73. Antibiotic-Resistant Enterobacteriaceae Colonization in Healthy U.S. Children
Session: Oral Abstract Session: Pediatric Bacterial Infections and Colonization
Thursday, October 8, 2015: 8:30 AM
Room: 32--ABC
Background:  Infections caused by extended-spectrum β-lactamase-producing (ESBL-P) and other antibiotic-resistant Enterobacteriaceae, which are increasing in various pediatric settings, are typically preceded by asymptomatic intestinal carriage. In this multi-center study we examine the epidemiology of antibiotic-resistant Escherichia coli (E. coli) colonization in healthy US children, which to date has not been well characterized.

Methods: Healthy children between 14 days and 11 years of age were enrolled during well- child visits in Oakland, Kansas City, and Nashville, between 12/2013 and 3/2015. Recent antibiotic use in the child and travel and hospitalization history of all members of the subject’s household were queried in a brief risk factor survey. Stool specimens collected from subjects were screened for ESBL-P bacteria using CHROMagarTMESBL media. Confirmation of antibiotic-resistance patterns of putative ESBL-P bacterial colonies was performed by double-disc synergy testing on Mueller-Hinton agar following standard guidelines.  Bacterial identification was confirmed by MALDI-TOF mass spectrometry.

Results: Stool specimens were collected from 520 enrollees. Overall, 3rd generation cephalosporin-resistant E.coli (3GC-R Ec) carriage was 4.2% and ranged from 3.4% to 5.1% among the study sites. 3GC-R Ec carriage was 5.2% in children <5 years of age vs. 2.2% in those ≥5 years (p=0.14). In Oakland, 50% of 3GC-R Ec carriers had a household (HH) member who travelled internationally in the last year compared to 11% of non-carriers (p=0.05). International travel at the other 2 sites was infrequent at 3.6%; overall, 18.2% of 3GC-R Ec carriers vs. 6.1% of non-carriers had a HH member who travelled internationally (p=0.07). No other assessed risk factor approached significance. ESBL production was confirmed in 83% of 3GC-R Ec (3.5% of all enrollees).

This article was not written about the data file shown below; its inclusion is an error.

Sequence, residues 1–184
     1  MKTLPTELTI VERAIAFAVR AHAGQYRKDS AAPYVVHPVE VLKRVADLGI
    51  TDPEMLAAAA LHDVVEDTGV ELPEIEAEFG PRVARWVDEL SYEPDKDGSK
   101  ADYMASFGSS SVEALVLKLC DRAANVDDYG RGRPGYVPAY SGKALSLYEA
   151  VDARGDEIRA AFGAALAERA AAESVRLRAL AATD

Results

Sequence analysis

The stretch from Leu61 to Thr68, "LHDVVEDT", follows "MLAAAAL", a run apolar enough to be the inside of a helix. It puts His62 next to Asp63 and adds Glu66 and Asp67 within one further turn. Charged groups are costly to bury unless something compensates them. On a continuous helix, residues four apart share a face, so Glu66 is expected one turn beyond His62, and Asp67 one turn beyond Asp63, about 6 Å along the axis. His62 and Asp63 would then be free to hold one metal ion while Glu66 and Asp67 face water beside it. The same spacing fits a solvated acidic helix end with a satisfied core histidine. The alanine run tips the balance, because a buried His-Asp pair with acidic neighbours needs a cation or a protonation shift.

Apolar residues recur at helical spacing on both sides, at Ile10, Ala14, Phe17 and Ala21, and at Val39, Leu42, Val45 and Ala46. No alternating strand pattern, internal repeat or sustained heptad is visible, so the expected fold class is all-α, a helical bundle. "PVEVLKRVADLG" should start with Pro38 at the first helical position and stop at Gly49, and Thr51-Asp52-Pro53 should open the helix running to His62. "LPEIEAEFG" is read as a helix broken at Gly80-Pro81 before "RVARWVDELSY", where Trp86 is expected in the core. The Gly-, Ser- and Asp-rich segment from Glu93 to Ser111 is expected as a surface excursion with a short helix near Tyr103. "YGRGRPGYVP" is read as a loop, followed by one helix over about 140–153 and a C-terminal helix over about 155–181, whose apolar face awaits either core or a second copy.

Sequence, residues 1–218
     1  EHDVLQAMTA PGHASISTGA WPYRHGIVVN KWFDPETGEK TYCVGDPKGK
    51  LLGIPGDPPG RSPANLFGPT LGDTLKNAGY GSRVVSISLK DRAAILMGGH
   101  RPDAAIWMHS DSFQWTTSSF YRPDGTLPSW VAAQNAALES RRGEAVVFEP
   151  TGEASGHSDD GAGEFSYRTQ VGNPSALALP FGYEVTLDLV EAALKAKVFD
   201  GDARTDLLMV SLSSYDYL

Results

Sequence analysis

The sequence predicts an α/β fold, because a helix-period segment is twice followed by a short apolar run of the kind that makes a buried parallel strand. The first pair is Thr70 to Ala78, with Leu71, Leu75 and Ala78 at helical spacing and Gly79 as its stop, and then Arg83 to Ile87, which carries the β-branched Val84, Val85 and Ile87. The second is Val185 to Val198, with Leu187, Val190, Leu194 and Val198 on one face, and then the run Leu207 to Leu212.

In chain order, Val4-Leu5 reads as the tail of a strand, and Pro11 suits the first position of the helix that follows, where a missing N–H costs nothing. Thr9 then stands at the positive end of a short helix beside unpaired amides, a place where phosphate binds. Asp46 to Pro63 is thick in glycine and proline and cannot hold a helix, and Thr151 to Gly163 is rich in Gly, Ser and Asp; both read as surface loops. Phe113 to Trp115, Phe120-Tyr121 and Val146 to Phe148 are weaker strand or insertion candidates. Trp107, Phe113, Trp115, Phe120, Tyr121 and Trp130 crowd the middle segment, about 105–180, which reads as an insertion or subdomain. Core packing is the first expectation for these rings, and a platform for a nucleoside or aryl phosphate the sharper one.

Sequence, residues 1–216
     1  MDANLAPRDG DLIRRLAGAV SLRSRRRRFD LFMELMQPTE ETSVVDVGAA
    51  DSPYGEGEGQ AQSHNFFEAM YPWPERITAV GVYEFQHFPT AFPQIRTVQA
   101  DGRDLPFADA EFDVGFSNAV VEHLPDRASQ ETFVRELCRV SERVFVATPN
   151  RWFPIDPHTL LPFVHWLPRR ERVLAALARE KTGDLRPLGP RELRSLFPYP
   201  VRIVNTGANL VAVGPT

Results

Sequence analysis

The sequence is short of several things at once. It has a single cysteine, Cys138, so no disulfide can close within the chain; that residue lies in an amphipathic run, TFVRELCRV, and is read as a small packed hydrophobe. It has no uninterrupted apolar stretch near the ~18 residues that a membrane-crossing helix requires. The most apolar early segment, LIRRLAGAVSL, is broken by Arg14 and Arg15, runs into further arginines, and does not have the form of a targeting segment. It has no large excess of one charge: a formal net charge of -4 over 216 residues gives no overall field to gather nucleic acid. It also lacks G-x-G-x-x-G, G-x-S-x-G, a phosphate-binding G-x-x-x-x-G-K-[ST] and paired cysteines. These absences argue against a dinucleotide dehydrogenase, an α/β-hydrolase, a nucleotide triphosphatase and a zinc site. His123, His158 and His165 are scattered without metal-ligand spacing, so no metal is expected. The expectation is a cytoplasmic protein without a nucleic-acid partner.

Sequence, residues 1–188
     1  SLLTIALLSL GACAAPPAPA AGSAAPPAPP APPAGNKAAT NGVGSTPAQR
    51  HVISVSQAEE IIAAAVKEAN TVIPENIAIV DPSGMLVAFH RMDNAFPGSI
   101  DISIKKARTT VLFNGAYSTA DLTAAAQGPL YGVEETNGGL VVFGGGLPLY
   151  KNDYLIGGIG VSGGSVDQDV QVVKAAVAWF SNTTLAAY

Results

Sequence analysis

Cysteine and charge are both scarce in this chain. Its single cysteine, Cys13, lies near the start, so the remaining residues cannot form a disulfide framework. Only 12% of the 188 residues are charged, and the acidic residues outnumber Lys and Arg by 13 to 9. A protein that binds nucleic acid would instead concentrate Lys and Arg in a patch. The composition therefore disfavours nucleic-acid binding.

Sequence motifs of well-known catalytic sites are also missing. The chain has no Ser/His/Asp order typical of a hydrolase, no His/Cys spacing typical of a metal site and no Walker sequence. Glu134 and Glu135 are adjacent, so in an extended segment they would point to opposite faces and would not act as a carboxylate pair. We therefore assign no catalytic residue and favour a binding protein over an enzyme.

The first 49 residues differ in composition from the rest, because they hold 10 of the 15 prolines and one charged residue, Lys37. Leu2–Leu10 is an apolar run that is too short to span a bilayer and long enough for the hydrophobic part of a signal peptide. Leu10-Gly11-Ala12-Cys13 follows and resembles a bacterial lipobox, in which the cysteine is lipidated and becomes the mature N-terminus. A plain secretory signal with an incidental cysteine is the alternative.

Conclusion: 3GC-R Ec intestinal isolates, including ESBL-P, were found in 4% of healthy US children. Younger age and international travel among household members increased the risk of 3GC-R Ec carriage, whereas healthcare-related exposures did not. These findings support that 3GC-R Ec dissemination may occur at the community and global level.

Shamim Islam, MD, DTM&H1, Rangaraj Selvarangan, PhD2, Rajvir Chohan, BA3, James D. Chappell, MD, PhD4, Rendie Mchenry, MS5, Ashveena Dighe, MS, MPH6, Neena Kanwar, PhD7, Natasha Halasa, MD, MPH, FPIDS8, Mary E. Wikswo, MPH9, Daniel Payne, PhD, MSPH9, Parvin H. Azimi, MD10 and Oscar Gomez-Duarte, MD, PHD11, (1)University at Buffalo, State University of New York, Buffalo, NY, (2)Children's Mercy Hosp & Univ MO Kansas City Sch of Med, Kansas City, MO, (3)Infectious Diseases, UCSF Benioff Children's Hospital Oakland, Oakland, CA, (4)Vanderbilt University School of Medicine, Department of Pathology, Nashville, TN, (5)Vanderbilt University, Nashville, TN, (6)University of Washington, Seattle, WA, (7)Children's Mercy Hospital, Kansas City, MO, (8)School of Medicine, Vanderbilt University, Nashville, TN, (9)Centers for Disease Control and Prevention, Atlanta, GA, (10)Children's Hospital, Oakland, CA, (11)Pediatrics, Vanderbilt University School of Medicine, Nashville, TN


S. Islam, None

R. Selvarangan, None

R. Chohan, None

J. D. Chappell, None

R. Mchenry, None

A. Dighe, None

N. Kanwar, None

N. Halasa, Sanofi Pasteur: Grant Investigator , Grant recipient , Research grant and Research support
Gilead: Grant Investigator , Research support
Pfizer: Grant Investigator , Grant recipient , Research grant and Research support
Baxter: Grant Investigator , Grant recipient , Research grant and Research support
Biocryst: Grant Investigator , Research support

M. E. Wikswo, None

D. Payne, None

P. H. Azimi, None

O. Gomez-Duarte, None

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